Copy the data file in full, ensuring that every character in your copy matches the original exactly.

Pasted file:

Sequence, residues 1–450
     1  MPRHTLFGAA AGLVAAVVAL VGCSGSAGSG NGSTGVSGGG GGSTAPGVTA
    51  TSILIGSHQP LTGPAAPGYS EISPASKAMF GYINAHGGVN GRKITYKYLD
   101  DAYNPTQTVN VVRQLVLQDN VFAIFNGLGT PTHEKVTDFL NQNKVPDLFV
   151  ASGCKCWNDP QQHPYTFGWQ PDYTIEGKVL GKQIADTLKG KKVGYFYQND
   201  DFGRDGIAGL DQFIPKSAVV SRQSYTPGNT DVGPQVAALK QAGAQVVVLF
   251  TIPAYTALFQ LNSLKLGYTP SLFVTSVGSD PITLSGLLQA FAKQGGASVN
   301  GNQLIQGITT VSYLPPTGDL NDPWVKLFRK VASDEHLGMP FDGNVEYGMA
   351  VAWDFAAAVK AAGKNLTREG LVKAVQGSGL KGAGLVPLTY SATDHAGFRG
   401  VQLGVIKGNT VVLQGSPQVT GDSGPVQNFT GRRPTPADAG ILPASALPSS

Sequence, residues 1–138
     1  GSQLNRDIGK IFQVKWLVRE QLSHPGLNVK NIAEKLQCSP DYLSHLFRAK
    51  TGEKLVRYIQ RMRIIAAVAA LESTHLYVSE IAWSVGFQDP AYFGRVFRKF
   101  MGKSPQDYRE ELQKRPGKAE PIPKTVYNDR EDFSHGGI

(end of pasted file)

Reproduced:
Sequence, residues 1–450
     1  MPRHTLFGAA AGLVAAVVAL VGCSGSAGSG NGSTGVSGGG GGSTAPGVTA
    51  TSILIGSHQP LTGPAAPGYS EISPASKAMF GYINAHGGVN GRKITYKYLD
   101  DAYNPTQTVN VVRQLVLQDN VFAIFNGLGT PTHEKVTDFL NQNKVPDLFV
   151  ASGCKCWNDP QQHPYTFGWQ PDYTIEGKVL GKQIADTLKG KKVGYFYQND
   201  DFGRDGIAGL DQFIPKSAVV SRQSYTPGNT DVGPQVAALK QAGAQVVVLF
   251  TIPAYTALFQ LNSLKLGYTP SLFVTSVGSD PITLSGLLQA FAKQGGASVN
   301  GNQLIQGITT VSYLPPTGDL NDPWVKLFRK VASDEHLGMP FDGNVEYGMA
   351  VAWDFAAAVK AAGKNLTREG LVKAVQGSGL KGAGLVPLTY SATDHAGFRG
   401  VQLGVIKGNT VVLQGSPQVT GDSGPVQNFT GRRPTPADAG ILPASALPSS

Sequence, residues 1–138
     1  GSQLNRDIGK IFQVKWLVRE QLSHPGLNVK NIAEKLQCSP DYLSHLFRAK
    51  TGEKLVRYIQ RMRIIAAVAA LESTHLYVSE IAWSVGFQDP AYFGRVFRKF
   101  MGKSPQDYRE ELQKRPGKAE PIPKTVYNDR EDFSHGGI